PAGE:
Scientists Make Connection Between Brain Trauma And Football

Leading US Research Centre Analyses Condition Of Footballer Who Died Aged 29


Scientists in the US believe they have identified a link between chronic traumatic encephalopathy (CTE) and heading a football.

The team - comprised of experts from Boston University and the VA Boston Healthcare System - analysed the condition of a semi-professional soccer player who died aged 29.

Patrick Grange of Albuquerque was renowned for his heading ability and his parents Mike and Michele told the New York Times that he had suffered a number of concussions during his career.

Although leaders of the study could not confirm that heading the ball was a leading reason for his untimely death in 2012, they said this link between serious brain conditions and soccer is interesting nevertheless.

The team suggested that CTE and other brain injuries are more common among American football players, which is unsurprising given the amount of player contact associated with the sport, but this latest research indicates that soccer players could be at risk too.

Dr Ann McKee - who led the study - was quoted as saying that Mr Grange had "very extensive frontal lobe damage".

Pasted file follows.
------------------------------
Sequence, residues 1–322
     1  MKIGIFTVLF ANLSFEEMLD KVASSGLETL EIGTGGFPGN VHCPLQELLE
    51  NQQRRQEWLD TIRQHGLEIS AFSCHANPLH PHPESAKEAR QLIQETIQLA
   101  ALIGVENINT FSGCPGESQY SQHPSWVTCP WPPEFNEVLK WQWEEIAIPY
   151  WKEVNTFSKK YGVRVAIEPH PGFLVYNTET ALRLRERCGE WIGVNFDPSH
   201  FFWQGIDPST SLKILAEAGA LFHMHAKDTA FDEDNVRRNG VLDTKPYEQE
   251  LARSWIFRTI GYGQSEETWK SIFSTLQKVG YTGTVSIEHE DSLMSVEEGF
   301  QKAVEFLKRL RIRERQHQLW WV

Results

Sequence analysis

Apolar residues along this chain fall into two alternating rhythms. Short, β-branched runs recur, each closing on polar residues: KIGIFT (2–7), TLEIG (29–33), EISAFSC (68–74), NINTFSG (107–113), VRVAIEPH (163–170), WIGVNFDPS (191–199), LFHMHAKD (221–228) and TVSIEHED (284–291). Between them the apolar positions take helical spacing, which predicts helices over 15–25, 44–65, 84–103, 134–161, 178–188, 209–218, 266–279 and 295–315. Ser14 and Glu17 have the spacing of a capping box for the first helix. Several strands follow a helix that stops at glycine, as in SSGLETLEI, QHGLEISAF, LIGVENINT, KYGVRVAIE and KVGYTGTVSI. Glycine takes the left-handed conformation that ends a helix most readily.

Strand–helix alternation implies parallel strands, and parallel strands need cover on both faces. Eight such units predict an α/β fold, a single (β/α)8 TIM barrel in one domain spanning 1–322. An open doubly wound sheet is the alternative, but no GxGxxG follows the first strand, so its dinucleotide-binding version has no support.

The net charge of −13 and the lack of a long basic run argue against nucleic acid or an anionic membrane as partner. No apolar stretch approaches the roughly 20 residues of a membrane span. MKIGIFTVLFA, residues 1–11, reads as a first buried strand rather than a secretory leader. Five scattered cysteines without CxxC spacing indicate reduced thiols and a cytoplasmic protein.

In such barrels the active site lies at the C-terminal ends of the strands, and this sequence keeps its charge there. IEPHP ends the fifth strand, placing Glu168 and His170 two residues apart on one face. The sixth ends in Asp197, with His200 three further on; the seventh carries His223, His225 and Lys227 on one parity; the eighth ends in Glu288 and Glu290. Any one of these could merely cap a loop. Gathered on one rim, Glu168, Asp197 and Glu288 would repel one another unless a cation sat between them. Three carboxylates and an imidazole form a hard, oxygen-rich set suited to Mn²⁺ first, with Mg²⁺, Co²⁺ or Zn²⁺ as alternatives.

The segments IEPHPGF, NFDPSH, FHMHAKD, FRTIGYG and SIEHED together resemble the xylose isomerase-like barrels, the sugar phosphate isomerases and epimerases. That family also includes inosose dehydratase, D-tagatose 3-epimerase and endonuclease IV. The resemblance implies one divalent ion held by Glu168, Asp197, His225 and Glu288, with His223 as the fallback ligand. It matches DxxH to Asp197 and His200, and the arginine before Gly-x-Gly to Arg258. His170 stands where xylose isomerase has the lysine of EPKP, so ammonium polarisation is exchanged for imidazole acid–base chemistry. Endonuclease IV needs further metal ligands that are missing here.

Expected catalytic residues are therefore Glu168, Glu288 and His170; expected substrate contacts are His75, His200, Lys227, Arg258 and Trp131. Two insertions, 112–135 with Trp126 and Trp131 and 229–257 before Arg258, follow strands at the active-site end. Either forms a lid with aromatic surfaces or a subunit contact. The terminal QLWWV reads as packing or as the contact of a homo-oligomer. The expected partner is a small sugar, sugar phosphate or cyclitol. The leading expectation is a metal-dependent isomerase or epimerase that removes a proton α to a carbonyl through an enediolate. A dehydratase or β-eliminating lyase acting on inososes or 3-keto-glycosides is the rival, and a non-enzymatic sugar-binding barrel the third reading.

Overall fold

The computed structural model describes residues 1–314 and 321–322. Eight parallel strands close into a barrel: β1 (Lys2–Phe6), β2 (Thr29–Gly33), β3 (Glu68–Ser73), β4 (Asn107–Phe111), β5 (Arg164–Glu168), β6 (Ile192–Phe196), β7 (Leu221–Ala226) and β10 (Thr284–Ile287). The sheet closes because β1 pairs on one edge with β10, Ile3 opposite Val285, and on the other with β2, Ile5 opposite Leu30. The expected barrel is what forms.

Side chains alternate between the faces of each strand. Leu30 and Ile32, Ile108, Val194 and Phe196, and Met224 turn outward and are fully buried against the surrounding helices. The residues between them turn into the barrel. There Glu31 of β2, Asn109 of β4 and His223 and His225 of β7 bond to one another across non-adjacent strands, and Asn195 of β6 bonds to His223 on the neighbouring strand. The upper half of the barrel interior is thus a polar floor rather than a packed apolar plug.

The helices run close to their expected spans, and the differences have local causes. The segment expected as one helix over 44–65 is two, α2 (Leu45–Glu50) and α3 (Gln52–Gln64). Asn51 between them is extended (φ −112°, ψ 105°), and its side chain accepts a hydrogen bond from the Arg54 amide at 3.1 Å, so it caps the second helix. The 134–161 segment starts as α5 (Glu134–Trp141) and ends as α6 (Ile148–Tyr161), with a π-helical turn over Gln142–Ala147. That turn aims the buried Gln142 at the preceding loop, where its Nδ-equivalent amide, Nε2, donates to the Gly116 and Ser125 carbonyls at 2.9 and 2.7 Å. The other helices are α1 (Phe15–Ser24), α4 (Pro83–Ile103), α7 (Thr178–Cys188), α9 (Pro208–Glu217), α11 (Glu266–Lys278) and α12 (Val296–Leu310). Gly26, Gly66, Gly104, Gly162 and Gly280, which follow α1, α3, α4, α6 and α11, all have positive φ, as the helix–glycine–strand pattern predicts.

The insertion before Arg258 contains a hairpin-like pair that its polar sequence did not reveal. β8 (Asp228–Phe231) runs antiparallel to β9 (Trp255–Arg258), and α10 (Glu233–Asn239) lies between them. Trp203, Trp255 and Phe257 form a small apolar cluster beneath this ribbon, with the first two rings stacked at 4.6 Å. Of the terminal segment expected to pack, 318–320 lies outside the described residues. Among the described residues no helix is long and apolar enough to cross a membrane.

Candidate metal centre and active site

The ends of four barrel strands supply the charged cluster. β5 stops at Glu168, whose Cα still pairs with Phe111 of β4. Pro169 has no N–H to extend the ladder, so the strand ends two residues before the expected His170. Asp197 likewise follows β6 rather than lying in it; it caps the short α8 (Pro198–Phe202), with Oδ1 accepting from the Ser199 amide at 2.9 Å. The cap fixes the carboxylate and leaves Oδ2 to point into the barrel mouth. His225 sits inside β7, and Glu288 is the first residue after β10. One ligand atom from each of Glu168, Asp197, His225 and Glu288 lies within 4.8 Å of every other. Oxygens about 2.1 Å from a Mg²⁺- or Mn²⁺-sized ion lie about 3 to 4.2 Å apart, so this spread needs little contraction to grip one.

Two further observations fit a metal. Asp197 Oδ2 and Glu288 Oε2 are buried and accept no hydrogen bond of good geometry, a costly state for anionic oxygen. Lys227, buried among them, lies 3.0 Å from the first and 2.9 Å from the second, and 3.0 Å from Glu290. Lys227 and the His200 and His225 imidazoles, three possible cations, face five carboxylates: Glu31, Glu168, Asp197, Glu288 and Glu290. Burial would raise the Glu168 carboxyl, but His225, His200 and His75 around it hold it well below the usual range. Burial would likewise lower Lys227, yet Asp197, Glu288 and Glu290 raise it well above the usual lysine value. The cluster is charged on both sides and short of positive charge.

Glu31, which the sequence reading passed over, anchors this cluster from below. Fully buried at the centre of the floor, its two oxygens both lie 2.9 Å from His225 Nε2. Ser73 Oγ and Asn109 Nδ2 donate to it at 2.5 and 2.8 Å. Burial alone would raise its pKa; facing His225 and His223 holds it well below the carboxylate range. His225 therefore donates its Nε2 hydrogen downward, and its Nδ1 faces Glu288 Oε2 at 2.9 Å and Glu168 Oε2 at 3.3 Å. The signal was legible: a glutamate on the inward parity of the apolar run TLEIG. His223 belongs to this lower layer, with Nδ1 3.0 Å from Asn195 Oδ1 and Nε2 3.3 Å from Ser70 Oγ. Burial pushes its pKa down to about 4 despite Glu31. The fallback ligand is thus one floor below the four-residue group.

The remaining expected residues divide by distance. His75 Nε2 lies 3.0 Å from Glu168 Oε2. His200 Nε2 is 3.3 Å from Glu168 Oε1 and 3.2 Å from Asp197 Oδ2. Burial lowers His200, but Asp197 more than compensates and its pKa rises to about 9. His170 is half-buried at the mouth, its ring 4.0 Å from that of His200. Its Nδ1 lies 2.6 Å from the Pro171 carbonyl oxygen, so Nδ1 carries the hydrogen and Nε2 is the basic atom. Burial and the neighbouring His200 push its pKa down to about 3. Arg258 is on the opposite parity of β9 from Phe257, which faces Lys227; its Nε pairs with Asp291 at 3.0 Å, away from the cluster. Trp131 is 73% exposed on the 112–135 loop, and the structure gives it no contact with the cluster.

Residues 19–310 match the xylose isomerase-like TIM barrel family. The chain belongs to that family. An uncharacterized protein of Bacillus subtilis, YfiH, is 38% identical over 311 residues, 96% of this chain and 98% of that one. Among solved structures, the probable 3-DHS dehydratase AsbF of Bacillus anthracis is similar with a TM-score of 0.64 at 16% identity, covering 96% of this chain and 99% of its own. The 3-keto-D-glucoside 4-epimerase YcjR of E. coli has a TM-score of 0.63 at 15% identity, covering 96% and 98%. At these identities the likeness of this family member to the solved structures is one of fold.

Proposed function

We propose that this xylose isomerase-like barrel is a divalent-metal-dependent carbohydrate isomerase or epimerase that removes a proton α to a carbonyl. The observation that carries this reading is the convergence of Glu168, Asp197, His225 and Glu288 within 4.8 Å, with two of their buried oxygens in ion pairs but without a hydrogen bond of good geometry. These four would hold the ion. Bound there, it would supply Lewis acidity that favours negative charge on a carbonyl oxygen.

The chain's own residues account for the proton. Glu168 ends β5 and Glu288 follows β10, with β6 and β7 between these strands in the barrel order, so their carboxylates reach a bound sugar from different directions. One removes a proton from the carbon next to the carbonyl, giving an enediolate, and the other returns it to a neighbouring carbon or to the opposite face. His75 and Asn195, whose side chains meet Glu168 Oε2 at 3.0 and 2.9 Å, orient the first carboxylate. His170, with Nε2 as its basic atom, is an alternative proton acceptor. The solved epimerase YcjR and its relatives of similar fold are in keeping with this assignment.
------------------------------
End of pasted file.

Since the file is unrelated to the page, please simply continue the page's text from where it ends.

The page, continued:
"We have seen other athletes in their 20s with this level of pathology, but they've usually been [American] football players," she added.

"We can't say for certain that heading the ball caused his condition in this case. But it is noteworthy that he was a frequent header of the ball, and he did develop this disease."

The findings will add more fuel to the debate over whether soccer players should receive better head protection.

There have been numerous high-profile examples of professional players receiving concussions this season - most notably Tottenham Hotspur goalkeeper Hugo Lloris, who was allowed to play on in a match against Everton in November despite being knocked unconscious.

Some brain injury specialists have called for new regulations and training methods to be introduced at grassroots level, so that children - who are particularly vulnerable to head injuries as they develop - are not put in danger and are taught how to head a ball safely.

Expert Opinion
There have been a number of stories in the media across recent months related to concussion in sport and, as a result of incidents like that involving Hugo Lloris, it seems more in the public eye than ever before.

"Some major concerns have been raised regarding how such injuries are handled in sport and it is vital that research continues in this vein to provide more clarity and information regarding the potential links between head injuries and such activity.

"Compiling quality data will mean that informed decisions can be made on such apparent links, as well as help in efforts to identify how improvements in safety can be established."
Stephen Nye, Partner